Sterilization and disinfection
Sterilization – Means freeing of any object or substance from all living organisms or it can be referred to the as complete destruction of all forms of life, including bacteria, fungi, viruses, and spores.
The four main reasons for killing or removing or inhibiting microorganisms are –
To prevent infection of man, his animals, and plants.
To prevent spoilage of food and other commodities.
To prevent contaminating microorganisms in various pure culture processes.
To prevent contamination in industrial processes.
Definitions of some terms –
Disinfection – means the killing or removal of microorganisms capable of causing infection. Disinfection does not necessarily include sterilization.
Disinfectant – is an agent accomplishing disinfection.
Antiseptics – are substances that kill or inhibit microorganisms especially in contact with the body.
Bacteriocide – Any substance or agent that kills bacteria is a bacteriocide or bactericidal agent. The same suffix is also used as germicide, viricide, algicide and fungicide. ( cide = killer ).
Sepsis – is the growth of harmful microorganisms in contact with living tissue.
Asepsis – In strict sense asepsis is the absence of infectious organisms in living tissue. However, the term is usually applied to any technique designed to keep all unwanted organisms out of any field of work or observations. The work of microbiologists and surgeons involves aseptic techniques.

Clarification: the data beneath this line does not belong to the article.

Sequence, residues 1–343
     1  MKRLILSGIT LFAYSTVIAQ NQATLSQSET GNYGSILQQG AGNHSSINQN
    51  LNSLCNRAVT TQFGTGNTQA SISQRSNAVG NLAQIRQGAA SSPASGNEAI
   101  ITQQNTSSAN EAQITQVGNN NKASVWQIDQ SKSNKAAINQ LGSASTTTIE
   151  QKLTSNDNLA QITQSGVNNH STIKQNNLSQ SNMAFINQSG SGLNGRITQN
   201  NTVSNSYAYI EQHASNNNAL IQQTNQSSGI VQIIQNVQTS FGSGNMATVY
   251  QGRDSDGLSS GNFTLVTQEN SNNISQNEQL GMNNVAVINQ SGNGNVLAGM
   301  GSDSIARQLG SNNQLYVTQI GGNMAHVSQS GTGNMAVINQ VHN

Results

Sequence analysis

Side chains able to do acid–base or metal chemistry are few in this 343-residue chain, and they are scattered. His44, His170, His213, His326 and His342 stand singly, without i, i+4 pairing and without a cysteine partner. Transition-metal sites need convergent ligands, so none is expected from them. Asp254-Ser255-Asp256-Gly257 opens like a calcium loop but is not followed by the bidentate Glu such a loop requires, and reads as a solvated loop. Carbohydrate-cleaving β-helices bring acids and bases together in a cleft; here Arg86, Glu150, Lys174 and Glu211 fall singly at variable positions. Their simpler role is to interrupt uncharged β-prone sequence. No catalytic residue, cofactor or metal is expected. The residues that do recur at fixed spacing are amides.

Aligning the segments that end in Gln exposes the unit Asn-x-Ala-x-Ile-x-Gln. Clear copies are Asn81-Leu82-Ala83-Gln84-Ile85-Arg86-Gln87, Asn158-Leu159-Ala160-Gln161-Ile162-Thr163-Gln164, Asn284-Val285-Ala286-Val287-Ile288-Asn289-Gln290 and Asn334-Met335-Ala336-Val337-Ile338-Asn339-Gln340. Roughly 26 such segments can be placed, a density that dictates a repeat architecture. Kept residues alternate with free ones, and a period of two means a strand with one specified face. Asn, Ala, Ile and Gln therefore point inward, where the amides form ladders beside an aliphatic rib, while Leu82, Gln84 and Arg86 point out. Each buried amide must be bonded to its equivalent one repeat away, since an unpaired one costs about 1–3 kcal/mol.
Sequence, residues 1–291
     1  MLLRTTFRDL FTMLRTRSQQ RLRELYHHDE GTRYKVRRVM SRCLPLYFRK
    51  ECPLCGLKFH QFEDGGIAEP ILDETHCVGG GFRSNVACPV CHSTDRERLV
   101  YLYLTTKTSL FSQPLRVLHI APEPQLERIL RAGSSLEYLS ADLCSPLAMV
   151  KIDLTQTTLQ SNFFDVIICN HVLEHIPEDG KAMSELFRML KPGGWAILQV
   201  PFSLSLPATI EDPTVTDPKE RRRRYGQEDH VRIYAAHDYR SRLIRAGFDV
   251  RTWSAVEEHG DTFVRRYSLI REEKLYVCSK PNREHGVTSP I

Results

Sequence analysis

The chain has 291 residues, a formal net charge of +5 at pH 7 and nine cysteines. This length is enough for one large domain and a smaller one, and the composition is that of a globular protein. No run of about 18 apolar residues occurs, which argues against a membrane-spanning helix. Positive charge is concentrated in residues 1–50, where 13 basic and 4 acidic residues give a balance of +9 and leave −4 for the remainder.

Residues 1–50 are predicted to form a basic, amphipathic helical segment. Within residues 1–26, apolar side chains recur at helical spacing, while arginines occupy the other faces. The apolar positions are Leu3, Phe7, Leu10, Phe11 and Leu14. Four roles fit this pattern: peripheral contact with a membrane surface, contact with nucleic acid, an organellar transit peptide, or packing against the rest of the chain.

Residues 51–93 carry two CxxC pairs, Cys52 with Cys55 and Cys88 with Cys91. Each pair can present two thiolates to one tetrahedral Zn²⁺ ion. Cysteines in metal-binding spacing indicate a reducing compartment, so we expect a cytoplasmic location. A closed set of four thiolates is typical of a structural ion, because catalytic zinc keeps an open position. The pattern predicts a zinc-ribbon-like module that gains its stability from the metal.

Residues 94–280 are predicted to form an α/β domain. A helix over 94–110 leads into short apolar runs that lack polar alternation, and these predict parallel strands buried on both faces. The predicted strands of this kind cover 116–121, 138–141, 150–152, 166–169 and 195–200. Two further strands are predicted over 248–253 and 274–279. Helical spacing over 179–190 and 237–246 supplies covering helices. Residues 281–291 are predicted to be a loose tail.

Microbiostasis – stasis is a Greek word meaning “to stand still”. The agents or conditions that bring about stasis do not immediately kill the microorganisms but inhibit multiplication e.g. bacteriostatic, fungistatic, etc.
Sanitizer – This may be defined as any agent that reduces the bacterial count to safe levels as may be judged by public health requirements. Sanitizers are commonly applied to inanimate objects such as eating and drinking utensils and food handling equipment.
Methods of sterilization
1] Physical Methods
2] Chemical methods
Use of gases
Use of fumigants
Use of solutions
The method of choice depends upon –
The material to be sterilized.
Susceptibility of the material to deterioration on contact with the sterilizing agent.
The intensity and extensiveness of microbial killing required.
The environmental conditions under which the sterilization process is to be carried out.
In general, heat is most commonly employed as it is the simplest and most reliable method.
Heat labile substances are sterilized by using filtration.
Chemical substances are less reliable than heat and are used mainly for disinfection purposes (i.e. killing of vegetative forms of bacteria and not their spores).